Jump to content

Welcome to Geeks to Go - Register now for FREE

Geeks To Go is a helpful hub, where thousands of volunteer geeks quickly serve friendly answers and support. Check out the forums and get free advice from the experts. Register now to gain access to all of our features, it's FREE and only takes one minute. Once registered and logged in, you will be able to create topics, post replies to existing threads, give reputation to your fellow members, get your own private messenger, post status updates, manage your profile and so much more.

Create Account How it Works
Photo

D-Link wireless Card cutting off


  • Please log in to reply

#1
ssilk

ssilk

    Member

  • Member
  • PipPip
  • 38 posts
OK, here's my situation. I have a D-Link AirPlus DWL-G650b wireless card on my laptop. My router is a Linksys Wireless-B BEFW11S4.

The network I have setup at my home is security enabled. Usually when I startup my computer, I get a connection during the startup process, or shortly thereafter. However, I will then sometimes lose this connection. Then, when I try to reconnect to my network, it seems as if my card is dead or disabled, as no lights will flash on it. I can try several times to connect to my own network, and nothing will happen. It will just say "Connecting to Network" for a long time and then either return with couldn't connect to network (little red X on taskbar) or Limited Connectivity (Yellow Triangle with Exclamation mark).

But, if after losing my connection, I try to connect to one of the other networks around my area (several show up), my card seems to come back to life. It will flash lights, and start acquiring an IP adress. Then, after doing that, if I try to connect to my own network again, I get on no problem.

So, it seems like when I lose the connection to my network, my card goes dead, and can be revived by tring to connect to someone else's first, then returning to my own. Unfortunately I don't know much about networking, so I can't think of why this is, and I don't even really know what other info I should provide.

Can anyone help? I just installed the most up to date drivers for this card. I don't know much about router settings, so maybe something needs to be changed there?

Thanks.
  • 0

Advertisements


#2
Fenor

Fenor

    Trusted Tech

  • Retired Staff
  • 5,236 posts
How far away is your laptop from the linksys wireless router when it 'goes dead'?
  • 0

#3
ssilk

ssilk

    Member

  • Topic Starter
  • Member
  • PipPip
  • 38 posts
Not what I would consider far. Usually it is in my bedroom, which is in the basement, almost directly below the router. I would say the direct-line distant is no more than 15 feet at that location. When it happened to day however, I was working in the living room on the main floor (same floor as the router), and probably about 8 feet away, through a wall. On the "strength" meter, I always get 7-8 bars out of 8 from this network.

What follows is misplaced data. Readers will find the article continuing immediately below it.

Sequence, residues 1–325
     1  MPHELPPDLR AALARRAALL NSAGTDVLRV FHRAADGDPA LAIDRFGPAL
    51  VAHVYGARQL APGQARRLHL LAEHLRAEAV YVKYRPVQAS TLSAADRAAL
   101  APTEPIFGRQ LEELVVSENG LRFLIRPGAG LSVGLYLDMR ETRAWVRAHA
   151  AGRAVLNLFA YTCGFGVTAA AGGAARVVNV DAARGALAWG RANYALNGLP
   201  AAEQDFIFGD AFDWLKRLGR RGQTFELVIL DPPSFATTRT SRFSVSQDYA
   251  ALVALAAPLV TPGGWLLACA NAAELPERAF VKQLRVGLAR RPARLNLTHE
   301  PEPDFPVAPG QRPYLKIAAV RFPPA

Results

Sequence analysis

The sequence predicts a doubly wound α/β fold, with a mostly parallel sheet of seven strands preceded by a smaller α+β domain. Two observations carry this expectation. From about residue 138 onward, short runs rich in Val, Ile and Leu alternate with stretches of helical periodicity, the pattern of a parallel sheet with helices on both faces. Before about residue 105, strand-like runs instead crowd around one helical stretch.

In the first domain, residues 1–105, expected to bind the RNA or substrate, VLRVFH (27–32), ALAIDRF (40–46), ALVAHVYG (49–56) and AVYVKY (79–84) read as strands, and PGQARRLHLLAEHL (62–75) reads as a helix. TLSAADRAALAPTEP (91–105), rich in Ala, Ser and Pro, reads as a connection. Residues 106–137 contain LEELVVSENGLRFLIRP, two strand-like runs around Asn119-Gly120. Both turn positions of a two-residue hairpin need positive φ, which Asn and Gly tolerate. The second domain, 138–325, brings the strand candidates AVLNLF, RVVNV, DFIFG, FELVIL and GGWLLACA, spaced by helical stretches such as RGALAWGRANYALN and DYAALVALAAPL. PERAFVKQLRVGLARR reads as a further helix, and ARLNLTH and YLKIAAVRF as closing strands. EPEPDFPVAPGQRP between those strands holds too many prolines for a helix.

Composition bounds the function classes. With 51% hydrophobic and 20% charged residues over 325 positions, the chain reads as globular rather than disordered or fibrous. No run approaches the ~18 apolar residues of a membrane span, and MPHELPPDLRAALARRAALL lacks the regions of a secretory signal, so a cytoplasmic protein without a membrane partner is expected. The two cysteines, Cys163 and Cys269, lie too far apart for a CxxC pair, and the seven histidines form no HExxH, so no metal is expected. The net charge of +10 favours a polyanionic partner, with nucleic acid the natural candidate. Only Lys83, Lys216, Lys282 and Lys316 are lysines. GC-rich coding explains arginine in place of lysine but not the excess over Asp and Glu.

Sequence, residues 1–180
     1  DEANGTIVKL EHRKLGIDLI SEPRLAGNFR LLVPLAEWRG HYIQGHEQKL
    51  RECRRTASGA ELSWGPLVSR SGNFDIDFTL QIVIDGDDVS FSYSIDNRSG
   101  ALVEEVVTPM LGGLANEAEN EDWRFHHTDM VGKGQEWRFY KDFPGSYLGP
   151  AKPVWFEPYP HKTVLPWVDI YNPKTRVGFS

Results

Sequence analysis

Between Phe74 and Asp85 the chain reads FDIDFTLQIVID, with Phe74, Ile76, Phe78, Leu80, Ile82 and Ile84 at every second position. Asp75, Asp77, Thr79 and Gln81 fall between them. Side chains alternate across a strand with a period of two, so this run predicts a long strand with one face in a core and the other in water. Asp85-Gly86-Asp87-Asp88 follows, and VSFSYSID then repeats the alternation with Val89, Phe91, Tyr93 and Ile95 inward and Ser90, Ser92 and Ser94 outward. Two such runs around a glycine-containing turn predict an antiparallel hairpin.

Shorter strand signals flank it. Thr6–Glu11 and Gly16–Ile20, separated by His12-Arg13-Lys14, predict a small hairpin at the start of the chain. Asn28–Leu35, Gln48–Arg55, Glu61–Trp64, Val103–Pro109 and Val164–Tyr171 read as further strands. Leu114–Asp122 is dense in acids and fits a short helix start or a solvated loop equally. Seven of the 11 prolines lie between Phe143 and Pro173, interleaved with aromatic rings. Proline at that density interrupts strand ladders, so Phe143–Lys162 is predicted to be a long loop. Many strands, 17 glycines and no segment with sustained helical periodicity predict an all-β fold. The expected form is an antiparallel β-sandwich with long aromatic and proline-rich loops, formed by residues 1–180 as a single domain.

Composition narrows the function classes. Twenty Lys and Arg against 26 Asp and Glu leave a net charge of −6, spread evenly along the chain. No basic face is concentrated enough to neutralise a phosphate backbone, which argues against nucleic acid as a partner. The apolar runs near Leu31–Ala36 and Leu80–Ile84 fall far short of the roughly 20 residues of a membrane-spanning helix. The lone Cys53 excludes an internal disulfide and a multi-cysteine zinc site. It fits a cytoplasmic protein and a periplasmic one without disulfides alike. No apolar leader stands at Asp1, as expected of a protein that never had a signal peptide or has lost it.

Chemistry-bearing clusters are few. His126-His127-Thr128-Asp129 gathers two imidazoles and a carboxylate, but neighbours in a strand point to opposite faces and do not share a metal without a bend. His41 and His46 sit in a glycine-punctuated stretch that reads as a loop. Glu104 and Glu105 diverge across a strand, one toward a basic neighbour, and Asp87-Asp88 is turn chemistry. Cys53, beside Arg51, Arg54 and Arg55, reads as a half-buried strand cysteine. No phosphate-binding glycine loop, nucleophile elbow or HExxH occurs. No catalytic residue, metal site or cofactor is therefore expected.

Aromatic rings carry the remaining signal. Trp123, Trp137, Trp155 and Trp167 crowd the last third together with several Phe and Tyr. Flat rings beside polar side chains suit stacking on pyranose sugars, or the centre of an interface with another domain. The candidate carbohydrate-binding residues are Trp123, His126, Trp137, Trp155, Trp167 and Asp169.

The other network that I use to "revive" my card is in another house, I don't know where, but I get 1-2 bars out of 8, and the connection is still strong enough to start acquiring an IP adress. (Note: once it start acquiring, so as hopefully not to mess around with someone elses network).

So, I'm thinking distance shouldn't be an issue unless one of the devices (my router or my card) is known for particularly poor range.

Thanks.
  • 0

#4
kd1966

kd1966

    Member

  • Member
  • PipPipPip
  • 201 posts
There are lots of factors that can cause "dead" spots/areas, also remember that Wireless runs at 2.4ghz, the same freqs. that are used by your friendly microwave oven and those really cool portable phones.

Another issue I recall is the OS; there is a HUGE difference between wireless signal reception using 9x and XP, XP receiving the better signal strength.

As for router positioning - I've found, and been told - that placing your router high is a good thing, as the wireless signal propogates out and down.

Edited by kd1966, 25 September 2005 - 09:20 PM.

  • 0

#5
ssilk

ssilk

    Member

  • Topic Starter
  • Member
  • PipPip
  • 38 posts
Well I'm running XP SP2.
As for dead spots, these card dyings will happen when I'm not moving. Like I can be one my computer surfing for several hours, no problem, and suddenly go dead.
So, I'll try to watch out and see if these occurences coincide with any appliances or phones being used.
But what I find weird is how it only seems to go dead for my network, and then will stay dead indeffinitely for it until I try to connect to another one.
  • 0






Similar Topics

0 user(s) are reading this topic

0 members, 0 guests, 0 anonymous users

As Featured On:

Microsoft Yahoo BBC MSN PC Magazine Washington Post HP